Chennai In Focus Music

Global proportions

 Sudha Raghunathan performing during the December Music Festival at Sri Parthasarathy Swami Sabha in Chennai

Sudha Raghunathan performing during the December Music Festival at Sri Parthasarathy Swami Sabha in Chennai

I was in the middle of a concert when the Prime Minister’s office announced the news about Chennai being included in the UNESCO Creative Cities Network, for its rich musical tradition. By the time I got back to the hotel and checked my phone, it was already inundated with messages from friends, colleagues, rasikas, and well-wishers expressing their happiness and pride. Flooded with emotion, I was overjoyed — Namma Chennai! As M.S. Subbulakshmi once said, “Indian music is oriented solely to the end of divine communication. If I have done something in this respect, it is entirely due to the grace of the Almighty who has chosen my humble self as a tool.”

Tamil Nadu in general, and Chennai in particular, has been home to so many gems of Carnatic music — M.S Subbulakshmi, my guru M.L Vasanthakumari, D.K Pattammal, T. Brinda, Ariyakudi Ramanuja Iyengar, Tiger Varadachariar, Musiri Subramania Iyer, Madurai Mani Iyer, Semmangudi Srinivasa Iyer, G.N. Balasubramaniam, Palghat K.V Narayanaswamy, Veena S. Balachander, Flute N. Ramani, Lalgudi Jayaraman, M.S. Gopalakrishnan, T.N. Krishnan, Umayalpuram Sivaraman, Vikku Vinayakram and many other veterans — who only breathe(d) music all their lives. Their contributions have made the city what it is today. Global recognition was long overdue!

My relationship with Carnatic music began 37 years ago. Since then, I have worked relentlessly to keep our tradition alive and thriving, along with many other musicians. Over the years, I have seen our music expand to many corners of the world, reaching newer audiences while always remaining rooted at home in Chennai. It is quite amazing to think that the Marghazhi festival or the ‘December Music Season’ as it is fondly referred to, first started in 1927. Aside from the musicians, the ‘sabhas’ have played a pivotal role in ensuring that the spirit of Marghazhi continues in full glory with each passing year.

Some of the sabhas have done an excellent job in promoting this unique art and culture for decades. The first on the list is the ‘Sri Parthasarathy Swami Sabha’ which began as early as 1896, by Mani Tirumalachariar. Launched as the ‘Sangeetha Vidwat Sabha’ in 1900, it was rechristened as ‘Sri Parthasarathy Swami Sabha.’ Another great example is the ‘Madras Music Academy,’ which had its humble beginnings staging performances under a pandal. Today, it has grown exponentially into one of India’s premier institutions for the fine arts. Let us not forget ‘Tamil Isai Sangam,’ another pioneering institution that was born out of the efforts of Raja Sir Annamalai Chettiar, who sought to revive interest in the forgotten works of Tamil poets, beginning in 1953. Subsequently, other sabhas joined the bandwagon and further contributed to the success of Marghazhi.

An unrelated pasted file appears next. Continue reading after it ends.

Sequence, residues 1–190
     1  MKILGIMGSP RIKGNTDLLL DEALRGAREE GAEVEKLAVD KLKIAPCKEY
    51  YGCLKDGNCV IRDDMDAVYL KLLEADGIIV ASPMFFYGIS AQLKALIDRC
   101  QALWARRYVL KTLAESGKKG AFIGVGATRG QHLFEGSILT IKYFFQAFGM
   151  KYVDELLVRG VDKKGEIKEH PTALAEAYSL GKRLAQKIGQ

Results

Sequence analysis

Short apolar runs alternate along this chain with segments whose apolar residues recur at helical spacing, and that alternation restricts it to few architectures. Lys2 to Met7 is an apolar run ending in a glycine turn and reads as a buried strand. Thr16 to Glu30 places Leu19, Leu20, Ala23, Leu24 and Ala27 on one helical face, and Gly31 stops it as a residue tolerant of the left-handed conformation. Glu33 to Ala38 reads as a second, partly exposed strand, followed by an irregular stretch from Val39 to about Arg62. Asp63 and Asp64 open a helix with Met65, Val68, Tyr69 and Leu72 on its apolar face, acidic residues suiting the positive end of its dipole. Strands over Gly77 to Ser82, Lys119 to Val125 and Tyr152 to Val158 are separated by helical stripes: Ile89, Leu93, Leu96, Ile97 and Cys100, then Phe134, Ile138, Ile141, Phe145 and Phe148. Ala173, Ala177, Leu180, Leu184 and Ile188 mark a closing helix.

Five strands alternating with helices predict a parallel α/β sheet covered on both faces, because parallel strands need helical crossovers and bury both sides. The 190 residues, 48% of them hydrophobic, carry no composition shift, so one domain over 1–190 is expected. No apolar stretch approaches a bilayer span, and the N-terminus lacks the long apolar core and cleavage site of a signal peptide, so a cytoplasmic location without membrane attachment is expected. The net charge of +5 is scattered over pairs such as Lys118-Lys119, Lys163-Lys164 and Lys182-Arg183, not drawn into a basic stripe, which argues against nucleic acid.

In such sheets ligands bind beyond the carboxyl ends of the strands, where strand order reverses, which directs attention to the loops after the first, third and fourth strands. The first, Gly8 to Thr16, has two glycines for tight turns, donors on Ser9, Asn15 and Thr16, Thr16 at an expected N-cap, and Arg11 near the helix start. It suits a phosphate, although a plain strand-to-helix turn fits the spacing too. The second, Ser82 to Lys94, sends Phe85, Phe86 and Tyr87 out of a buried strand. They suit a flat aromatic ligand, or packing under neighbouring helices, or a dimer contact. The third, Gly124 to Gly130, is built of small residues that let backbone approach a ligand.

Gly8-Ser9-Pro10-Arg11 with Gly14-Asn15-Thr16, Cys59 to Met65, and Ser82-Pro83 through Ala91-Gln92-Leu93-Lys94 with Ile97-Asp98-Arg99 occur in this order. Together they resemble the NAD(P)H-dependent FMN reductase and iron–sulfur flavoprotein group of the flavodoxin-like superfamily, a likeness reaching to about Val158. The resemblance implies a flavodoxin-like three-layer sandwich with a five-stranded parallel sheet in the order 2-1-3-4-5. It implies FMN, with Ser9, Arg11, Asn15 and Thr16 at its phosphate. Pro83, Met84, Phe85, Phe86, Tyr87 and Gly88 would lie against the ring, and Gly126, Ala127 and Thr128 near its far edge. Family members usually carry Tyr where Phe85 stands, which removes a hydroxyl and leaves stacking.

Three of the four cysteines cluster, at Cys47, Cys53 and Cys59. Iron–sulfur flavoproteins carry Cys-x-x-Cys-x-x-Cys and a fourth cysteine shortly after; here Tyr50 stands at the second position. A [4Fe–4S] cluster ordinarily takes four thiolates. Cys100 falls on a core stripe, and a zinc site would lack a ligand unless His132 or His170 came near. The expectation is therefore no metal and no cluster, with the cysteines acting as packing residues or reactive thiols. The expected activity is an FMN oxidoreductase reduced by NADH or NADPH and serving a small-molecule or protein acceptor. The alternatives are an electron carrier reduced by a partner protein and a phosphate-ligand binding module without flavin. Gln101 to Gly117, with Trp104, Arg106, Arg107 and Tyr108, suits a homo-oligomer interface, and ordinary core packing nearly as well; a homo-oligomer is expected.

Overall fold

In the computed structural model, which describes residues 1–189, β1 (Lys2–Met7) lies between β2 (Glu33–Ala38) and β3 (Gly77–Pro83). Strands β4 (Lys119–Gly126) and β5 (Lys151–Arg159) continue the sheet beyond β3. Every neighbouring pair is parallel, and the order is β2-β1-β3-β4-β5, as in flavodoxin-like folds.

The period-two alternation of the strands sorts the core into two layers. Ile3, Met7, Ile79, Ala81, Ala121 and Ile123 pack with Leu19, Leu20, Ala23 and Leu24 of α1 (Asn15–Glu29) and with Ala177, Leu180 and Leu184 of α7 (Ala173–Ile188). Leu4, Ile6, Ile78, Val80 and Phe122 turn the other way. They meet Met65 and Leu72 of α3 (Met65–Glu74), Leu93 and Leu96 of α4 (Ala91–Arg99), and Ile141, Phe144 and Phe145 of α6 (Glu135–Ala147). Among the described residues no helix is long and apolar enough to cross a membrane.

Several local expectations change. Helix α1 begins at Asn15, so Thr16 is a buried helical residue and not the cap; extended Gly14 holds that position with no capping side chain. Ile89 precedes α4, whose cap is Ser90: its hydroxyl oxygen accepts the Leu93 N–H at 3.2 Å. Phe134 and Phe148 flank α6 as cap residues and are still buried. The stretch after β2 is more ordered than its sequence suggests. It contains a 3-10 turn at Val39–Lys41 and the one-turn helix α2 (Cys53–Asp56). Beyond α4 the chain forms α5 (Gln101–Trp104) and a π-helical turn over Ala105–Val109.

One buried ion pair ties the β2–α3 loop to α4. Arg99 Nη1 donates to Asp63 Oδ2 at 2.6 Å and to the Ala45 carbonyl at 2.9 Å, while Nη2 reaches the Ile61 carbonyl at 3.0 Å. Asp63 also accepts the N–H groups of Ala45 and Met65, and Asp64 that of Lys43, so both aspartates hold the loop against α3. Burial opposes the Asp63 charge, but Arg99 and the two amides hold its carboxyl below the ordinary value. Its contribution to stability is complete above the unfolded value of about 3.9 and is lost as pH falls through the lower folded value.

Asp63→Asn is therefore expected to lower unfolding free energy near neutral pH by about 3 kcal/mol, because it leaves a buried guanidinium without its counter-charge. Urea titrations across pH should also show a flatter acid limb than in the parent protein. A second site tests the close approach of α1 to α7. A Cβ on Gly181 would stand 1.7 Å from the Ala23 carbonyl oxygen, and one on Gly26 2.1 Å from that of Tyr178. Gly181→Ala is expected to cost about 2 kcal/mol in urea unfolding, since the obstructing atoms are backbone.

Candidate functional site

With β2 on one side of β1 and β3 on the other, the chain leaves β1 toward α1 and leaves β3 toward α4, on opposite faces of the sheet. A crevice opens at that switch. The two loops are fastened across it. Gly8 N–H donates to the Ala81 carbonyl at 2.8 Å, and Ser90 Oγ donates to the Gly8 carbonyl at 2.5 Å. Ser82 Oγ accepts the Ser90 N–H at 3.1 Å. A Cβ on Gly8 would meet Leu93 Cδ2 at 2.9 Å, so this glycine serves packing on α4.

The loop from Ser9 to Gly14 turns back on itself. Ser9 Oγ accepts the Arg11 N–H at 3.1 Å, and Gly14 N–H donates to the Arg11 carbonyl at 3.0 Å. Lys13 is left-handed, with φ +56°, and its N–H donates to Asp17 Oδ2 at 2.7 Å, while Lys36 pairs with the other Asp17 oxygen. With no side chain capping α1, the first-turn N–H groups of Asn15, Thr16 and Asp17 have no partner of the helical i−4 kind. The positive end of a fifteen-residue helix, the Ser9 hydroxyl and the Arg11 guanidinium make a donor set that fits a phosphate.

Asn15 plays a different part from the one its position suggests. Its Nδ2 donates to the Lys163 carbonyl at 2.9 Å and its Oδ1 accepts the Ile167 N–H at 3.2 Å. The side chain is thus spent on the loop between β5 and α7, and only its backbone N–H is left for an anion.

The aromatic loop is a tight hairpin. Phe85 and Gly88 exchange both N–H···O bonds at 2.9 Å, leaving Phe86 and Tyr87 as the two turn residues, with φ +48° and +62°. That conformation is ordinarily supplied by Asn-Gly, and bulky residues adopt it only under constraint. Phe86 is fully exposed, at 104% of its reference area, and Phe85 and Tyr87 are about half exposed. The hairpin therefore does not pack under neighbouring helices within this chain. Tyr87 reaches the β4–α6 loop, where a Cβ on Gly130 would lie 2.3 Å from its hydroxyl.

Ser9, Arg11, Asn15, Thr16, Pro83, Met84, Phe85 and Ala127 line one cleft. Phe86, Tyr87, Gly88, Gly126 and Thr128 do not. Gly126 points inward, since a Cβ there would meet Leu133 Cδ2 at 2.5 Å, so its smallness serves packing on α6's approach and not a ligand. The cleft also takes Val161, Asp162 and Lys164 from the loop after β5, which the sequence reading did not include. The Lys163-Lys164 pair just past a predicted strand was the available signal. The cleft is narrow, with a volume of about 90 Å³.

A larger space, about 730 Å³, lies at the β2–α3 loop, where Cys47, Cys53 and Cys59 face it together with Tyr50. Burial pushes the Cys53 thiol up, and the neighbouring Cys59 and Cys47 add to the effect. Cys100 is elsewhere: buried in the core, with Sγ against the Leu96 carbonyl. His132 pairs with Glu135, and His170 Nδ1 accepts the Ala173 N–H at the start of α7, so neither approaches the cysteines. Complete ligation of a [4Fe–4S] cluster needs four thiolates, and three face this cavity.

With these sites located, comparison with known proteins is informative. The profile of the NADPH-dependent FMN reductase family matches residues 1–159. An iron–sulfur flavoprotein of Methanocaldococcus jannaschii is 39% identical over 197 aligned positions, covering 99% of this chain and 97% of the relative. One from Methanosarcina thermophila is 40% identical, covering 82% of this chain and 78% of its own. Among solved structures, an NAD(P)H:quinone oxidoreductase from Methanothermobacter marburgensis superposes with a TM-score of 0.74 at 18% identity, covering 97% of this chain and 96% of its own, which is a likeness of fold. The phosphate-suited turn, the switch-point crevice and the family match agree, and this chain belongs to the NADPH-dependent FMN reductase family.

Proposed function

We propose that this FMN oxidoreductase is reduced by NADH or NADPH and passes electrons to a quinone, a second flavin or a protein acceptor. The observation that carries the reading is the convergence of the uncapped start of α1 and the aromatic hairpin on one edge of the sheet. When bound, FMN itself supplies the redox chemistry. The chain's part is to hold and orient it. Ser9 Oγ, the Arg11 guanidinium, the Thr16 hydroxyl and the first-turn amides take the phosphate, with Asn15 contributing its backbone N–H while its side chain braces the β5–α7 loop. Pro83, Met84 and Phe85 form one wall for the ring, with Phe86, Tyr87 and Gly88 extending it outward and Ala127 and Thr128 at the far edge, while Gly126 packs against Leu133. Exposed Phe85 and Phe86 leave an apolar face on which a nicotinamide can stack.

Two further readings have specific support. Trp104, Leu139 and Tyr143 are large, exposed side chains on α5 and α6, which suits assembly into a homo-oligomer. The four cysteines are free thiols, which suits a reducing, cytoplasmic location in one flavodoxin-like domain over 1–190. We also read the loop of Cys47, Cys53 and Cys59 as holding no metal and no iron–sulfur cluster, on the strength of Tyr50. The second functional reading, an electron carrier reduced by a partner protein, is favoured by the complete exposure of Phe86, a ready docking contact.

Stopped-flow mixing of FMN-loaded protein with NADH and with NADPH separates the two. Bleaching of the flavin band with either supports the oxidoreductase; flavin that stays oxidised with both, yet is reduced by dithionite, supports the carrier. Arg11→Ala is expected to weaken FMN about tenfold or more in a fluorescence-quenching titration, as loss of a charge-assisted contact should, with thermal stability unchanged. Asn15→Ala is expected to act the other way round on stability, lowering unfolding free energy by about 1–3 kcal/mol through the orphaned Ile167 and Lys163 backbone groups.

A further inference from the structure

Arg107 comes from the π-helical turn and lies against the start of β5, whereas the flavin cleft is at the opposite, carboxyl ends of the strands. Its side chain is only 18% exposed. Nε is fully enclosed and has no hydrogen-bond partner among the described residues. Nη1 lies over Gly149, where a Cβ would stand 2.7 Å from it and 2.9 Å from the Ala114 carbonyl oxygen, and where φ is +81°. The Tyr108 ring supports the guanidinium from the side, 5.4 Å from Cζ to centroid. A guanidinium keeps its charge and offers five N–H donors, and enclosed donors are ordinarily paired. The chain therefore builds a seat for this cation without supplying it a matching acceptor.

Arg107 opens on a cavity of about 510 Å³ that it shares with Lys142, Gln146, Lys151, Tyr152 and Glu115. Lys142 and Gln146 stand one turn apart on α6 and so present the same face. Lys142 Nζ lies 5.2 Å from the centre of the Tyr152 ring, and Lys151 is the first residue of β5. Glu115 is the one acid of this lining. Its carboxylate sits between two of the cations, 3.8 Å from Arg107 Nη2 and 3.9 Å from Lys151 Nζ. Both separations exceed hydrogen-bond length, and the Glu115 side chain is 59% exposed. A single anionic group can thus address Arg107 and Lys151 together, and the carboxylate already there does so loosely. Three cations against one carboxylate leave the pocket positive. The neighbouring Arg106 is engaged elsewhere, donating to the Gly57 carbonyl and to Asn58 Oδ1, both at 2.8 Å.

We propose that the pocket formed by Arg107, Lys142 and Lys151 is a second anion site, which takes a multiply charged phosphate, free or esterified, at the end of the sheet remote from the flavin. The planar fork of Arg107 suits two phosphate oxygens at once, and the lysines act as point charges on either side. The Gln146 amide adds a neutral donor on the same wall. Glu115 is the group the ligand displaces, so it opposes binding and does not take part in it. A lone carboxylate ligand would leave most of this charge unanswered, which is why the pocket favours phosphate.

It was not only Carnatic music that drew big crowds; Harikatha and Bhakti Sangeetham played a huge role in attracting large audiences. Classical music made its way into the film industry as well, adding a distinct flavour and building its own fan base. Bharatanatyam queens such as T. Balasaraswathi, the Travancore sisters, Kumari Kamala, and Vyjayanthimala Bali were simply outstanding performers, finding a permanent place in the hearts of the rasikas.

Each year, the Marghazhi season evolves, becoming bigger and better — growing in the number and size of events, with new and talented performing artists and the countless cafeterias serving delicious snacks. A staggering amount of labour and coordination goes into making these events a success, season after season. During this time, our beloved city brings so many people together —musicians, teachers, musicologists, natya exponents, students, technicians, and event organisers. It brings me immense joy to know that we are finally receiving the global recognition that an annual event like Marghazhi deserves.

An Advisory Body on Intangible Cultural Heritage & Diverse Cultural Traditions of India (ABICHU), was created by the Ministry of Culture to facilitate application for this recognition. As a member of this Advisory Body, I can attest to the dedication and focus of this group’s work towards achieving this status! However, while we celebrate this achievement, we must also set our sights on the future. It is time to invest in institutions that will preserve the legacy of Carnatic music — such as a museum, which will amplify the history of Carnatic music with past legends’ memorabilia, and a world-class school exclusively for music and other fine arts. To fully embody the spirit of this honour, Chennaiites must continue to support and encourage the development and education of the next generation of artistes and rasikas that will carry Carnatic music to new heights — our music will only live on through them. Jai Hind!


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Printable version | May 18, 2022 10:03:46 am | https://www.thehindu.com/entertainment/music/unesco-recognition-puts-chennai-under-global-spotlight/article20479319.ece